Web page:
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Unix Power Tools, 3rd Edition by Mike Loukides, Tim O'Reilly, Shelley Powers, Jerry Peek

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Chapter 47. Connecting to MS Windows

Building Bridges

Too often, it seems, the discussion of operating systems devolves into accusations, recriminations, and hurt feelings. However, the reality of a heterogeneous computing environment makes cooperation among the various operating systems critically important. There are a number of ways that Unix machines can interact with and partipate in Windows networks. Many of those connections work in reverse, too, so that Windows users can begin to experience Unix without abandoning their preferred desktop. Polemics aside, operating systems are only a means to an end that is defined by your business. Fortunately, interoperability is becoming increasingly easier. The following sections will show some of the options available to you.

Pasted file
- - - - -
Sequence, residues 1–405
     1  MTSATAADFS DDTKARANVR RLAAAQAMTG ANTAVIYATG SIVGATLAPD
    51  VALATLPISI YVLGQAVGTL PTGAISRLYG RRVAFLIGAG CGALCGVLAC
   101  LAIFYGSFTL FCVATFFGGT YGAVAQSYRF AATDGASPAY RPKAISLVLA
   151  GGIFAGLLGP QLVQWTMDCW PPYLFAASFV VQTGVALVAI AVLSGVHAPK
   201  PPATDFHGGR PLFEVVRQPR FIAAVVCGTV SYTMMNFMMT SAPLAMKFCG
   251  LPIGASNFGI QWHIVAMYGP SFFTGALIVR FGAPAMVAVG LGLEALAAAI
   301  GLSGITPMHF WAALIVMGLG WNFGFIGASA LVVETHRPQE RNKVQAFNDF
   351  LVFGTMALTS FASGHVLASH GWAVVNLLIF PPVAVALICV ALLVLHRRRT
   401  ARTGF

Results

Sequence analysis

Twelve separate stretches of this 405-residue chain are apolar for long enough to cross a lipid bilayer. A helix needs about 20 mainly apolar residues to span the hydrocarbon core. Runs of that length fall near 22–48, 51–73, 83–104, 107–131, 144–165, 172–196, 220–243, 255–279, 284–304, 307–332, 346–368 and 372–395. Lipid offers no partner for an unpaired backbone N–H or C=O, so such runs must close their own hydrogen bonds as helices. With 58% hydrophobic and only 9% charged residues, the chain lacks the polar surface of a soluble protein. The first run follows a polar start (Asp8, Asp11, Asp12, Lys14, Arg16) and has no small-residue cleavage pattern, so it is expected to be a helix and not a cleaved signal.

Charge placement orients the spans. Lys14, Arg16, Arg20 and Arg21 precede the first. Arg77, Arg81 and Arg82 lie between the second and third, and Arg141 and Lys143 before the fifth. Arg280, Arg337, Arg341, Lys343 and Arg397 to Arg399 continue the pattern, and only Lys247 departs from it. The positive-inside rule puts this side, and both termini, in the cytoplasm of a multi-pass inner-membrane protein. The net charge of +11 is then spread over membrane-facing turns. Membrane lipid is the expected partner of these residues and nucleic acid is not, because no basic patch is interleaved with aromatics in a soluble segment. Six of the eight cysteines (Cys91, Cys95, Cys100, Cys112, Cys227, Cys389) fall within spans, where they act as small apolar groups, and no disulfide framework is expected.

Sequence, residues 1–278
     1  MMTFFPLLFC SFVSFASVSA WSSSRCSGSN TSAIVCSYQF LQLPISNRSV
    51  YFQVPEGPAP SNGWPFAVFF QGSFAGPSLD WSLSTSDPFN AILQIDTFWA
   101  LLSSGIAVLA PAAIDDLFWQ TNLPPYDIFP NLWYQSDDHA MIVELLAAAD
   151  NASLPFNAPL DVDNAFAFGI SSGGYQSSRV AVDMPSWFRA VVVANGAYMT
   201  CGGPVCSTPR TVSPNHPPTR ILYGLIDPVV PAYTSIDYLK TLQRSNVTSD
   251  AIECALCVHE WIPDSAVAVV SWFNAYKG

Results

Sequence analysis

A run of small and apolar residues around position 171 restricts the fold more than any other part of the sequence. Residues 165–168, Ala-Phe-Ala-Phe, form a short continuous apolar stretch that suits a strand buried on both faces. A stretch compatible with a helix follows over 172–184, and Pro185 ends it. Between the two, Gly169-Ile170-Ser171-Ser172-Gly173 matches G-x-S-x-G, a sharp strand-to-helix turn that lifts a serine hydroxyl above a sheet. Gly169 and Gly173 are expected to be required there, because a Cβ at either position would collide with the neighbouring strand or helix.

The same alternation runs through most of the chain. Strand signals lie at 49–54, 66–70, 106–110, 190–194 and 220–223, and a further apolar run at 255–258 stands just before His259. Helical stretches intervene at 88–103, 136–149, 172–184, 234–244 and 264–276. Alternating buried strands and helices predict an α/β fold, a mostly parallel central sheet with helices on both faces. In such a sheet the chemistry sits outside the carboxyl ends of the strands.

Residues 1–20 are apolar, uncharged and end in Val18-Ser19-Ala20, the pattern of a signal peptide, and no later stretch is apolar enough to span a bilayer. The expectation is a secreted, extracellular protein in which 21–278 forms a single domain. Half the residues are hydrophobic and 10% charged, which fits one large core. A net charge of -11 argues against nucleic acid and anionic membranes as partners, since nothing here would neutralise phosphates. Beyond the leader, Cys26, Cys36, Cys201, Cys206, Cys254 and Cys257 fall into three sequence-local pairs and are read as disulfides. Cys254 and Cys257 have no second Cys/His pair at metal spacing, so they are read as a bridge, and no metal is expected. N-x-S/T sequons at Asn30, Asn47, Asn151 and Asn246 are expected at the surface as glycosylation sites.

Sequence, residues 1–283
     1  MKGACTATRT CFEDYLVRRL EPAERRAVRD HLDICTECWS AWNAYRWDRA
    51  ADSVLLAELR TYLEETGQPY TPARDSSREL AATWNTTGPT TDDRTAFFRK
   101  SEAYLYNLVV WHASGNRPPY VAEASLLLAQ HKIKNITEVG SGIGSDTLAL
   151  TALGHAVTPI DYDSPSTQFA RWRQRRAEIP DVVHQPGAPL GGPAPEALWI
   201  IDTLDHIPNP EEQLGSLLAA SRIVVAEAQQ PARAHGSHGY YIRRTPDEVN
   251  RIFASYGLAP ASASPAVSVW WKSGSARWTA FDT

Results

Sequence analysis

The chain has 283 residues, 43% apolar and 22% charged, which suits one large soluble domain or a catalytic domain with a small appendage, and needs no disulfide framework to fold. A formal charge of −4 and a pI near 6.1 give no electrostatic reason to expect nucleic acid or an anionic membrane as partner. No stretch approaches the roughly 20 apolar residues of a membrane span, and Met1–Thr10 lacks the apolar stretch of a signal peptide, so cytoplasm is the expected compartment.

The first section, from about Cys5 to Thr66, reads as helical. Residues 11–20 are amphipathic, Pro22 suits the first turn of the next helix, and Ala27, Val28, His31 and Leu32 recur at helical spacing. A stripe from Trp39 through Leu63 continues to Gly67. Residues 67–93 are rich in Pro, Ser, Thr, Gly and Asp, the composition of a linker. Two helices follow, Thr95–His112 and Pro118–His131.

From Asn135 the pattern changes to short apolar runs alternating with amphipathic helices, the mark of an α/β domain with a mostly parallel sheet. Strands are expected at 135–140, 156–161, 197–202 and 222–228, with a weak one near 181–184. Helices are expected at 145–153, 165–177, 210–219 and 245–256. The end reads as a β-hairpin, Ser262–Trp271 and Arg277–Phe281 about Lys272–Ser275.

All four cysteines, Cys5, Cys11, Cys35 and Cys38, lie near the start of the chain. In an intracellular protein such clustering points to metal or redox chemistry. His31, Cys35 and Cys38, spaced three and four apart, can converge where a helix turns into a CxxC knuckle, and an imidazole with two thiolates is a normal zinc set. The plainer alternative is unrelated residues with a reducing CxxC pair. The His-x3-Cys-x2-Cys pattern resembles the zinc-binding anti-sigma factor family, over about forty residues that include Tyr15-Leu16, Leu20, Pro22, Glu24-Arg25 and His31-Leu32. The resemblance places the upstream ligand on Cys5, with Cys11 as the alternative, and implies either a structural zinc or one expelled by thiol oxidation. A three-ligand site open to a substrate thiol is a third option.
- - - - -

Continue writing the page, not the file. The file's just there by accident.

— JJ

Installing and Configuring Samba

Go to http://examples.oreilly.com/upt3 for more information on: Samba

Samba is an open source project that implements the Session Message Block (SMB) protocol, which is the core networking language of the Microsoft Windows family. Of course, the dominant networking protocol in Unix is the Transmission Control Protocol/Internet Protocol (TCP/IP). The challenge of the Samba project is to map SMB traffic onto TCP/IP networks. This is no small feat since SMB was designed for small, nonsegmented networks. Because all SMB network machine names exist in one global namespace, the practical ...

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